New Statistics on U.S. Births Are Much Less Alarming than News Stories About Those Statistics

Last week the Centers for Disease Control and Prevention (CDC) released preliminary statistics on U.S. births for 2009. The latest numbers showed a 2.6% drop in the number of live births compared with 2008. This follows a 1.6% decline in the number of births in 2008 compared with the all-time peak number of births recorded in 2007.

Many news organizations treated the latest fertility statistics with excessive alarm. According to the headline on an AP story appearing in USA Today, “Recession May Have Pushed U.S. Birth Rate to a New Low.” The second sentence of the story told readers “The 2009 birth rate also set a record: lowest in a century.” Related stories appeared in a number of newspapers, including the New York Times and Washington Post.

The statistics behind the latest numbers are a lot less alarming than the headlines. Most of our concern about fertility centers on the question of whether the number of American births is large enough to maintain the size of the population. The U.S. population certainly continued to grow in 2009, when the estimated number of births exceeded the number of deaths by 1.71 million. It will require a very large drop in births below the current level before the annual number of deaths exceeds the number of births.

In the long run the size of the U.S. population depends on the “total fertility rate” and the rate of net immigration into the country. The total fertility rate is an estimate of the total number of babies that would be born to a typical woman at current birth rates if she were to survive until age 45. The most recent year for which we have an estimate of the total fertility rate is 2008. In that year the total U.S. fertility rate was 2.1, almost exactly the rate needed in the long run for the population to remain stable, even without any net immigration. The CDC’s latest statistics on births indicate the total fertility rate probably fell somewhat below 2.1 in 2009. Nonetheless, when final statistics become available it is likely 2009’s total fertility rate will be well above the all-time low rate attained in the mid-1970s when it fell below 1.75. That rate was far below the total fertility rate needed to maintain a stable U.S. population in the long run.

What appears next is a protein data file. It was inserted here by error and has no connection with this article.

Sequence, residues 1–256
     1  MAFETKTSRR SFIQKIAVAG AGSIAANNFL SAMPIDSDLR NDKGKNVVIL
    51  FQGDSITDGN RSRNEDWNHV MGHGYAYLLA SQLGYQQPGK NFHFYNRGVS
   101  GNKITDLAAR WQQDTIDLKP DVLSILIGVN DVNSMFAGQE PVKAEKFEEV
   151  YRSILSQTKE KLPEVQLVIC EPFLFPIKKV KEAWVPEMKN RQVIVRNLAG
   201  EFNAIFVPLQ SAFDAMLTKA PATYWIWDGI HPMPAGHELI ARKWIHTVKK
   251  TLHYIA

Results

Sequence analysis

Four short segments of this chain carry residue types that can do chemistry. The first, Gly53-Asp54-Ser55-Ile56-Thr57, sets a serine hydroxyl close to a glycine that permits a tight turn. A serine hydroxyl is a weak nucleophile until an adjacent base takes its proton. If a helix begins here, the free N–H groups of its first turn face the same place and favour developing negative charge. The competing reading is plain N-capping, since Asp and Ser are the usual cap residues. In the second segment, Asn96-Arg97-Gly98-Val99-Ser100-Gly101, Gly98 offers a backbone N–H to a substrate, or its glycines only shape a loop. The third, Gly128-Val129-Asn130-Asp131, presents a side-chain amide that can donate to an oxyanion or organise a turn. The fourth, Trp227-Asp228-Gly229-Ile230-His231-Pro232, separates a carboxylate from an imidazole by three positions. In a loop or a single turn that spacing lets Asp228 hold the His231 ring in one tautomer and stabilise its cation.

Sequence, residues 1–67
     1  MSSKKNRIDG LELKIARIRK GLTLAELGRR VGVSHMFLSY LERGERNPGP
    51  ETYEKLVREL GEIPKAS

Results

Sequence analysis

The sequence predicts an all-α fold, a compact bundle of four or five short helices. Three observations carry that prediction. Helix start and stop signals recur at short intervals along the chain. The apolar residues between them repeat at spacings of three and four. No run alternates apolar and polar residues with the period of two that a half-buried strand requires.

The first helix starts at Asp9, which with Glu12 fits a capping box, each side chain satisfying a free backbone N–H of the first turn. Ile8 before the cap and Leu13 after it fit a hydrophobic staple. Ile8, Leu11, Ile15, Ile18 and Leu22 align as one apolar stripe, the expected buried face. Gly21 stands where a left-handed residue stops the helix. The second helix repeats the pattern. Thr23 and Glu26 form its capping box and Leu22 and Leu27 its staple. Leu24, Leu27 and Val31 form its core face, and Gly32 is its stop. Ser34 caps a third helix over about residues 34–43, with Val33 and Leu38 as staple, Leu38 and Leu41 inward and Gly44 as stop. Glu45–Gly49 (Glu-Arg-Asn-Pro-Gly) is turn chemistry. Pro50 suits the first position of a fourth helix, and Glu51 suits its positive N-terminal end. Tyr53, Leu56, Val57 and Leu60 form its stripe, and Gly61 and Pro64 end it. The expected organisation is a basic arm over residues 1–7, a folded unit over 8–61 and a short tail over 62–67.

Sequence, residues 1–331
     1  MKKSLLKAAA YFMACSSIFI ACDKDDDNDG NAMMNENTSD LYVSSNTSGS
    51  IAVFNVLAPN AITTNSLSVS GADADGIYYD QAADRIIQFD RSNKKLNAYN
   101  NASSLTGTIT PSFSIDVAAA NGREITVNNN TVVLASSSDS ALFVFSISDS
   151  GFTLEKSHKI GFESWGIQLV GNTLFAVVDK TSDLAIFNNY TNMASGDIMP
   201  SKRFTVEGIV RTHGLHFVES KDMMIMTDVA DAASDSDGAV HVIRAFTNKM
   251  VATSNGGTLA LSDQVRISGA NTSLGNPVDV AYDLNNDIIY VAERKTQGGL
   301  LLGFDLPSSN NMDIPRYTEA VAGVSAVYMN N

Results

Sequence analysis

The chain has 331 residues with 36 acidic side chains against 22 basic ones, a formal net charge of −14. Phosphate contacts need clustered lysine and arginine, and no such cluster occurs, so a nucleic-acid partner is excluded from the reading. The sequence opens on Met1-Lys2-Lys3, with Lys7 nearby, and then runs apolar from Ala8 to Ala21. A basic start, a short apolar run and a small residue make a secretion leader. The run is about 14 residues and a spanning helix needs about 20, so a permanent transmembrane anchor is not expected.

Another meaningful indicator of the birth rate is the “general fertility rate,” which is the annual number of live births per 1,000 women aged 15 to 44. According to the CDC’s latest estimates, the general fertility rate in 2009 was 66.8, about 2.3% below the rate in 2008. However, this rate is nowhere near the lowest fertility rate we have seen in recent years. In fact, in 17 of the 29 years before 2009 the general fertility rate was below 66.8.

Reporters are correct in suggesting that the severe recession has contributed to the decline in U.S. births. But we have had recessions in earlier periods, and the fertility rate in several of those recessions has dipped below the rate we saw last year. Reporters are also wrong in suggesting that fertility has declined to an alarmingly low level. Even with the dip in fertility in 2008 and 2009, U.S. fertility remains higher than it is in nearly all other wealthy countries. In the European Union, for example, the total fertility rate is about 1.5, about a quarter below the rate in the United States. The U.S. fertility rate is still close to the level needed to ensure a slowly growing population for many years into the future. When combined with continuing high rates of immigration into the United States, our current birth rate means that the U.S. working-age population will continue to increase for several more decades.

The severity of the recession has encouraged some Americans to postpone child-bearing. It has not, however, reduced the U.S. birth rate below levels we have seen in the past.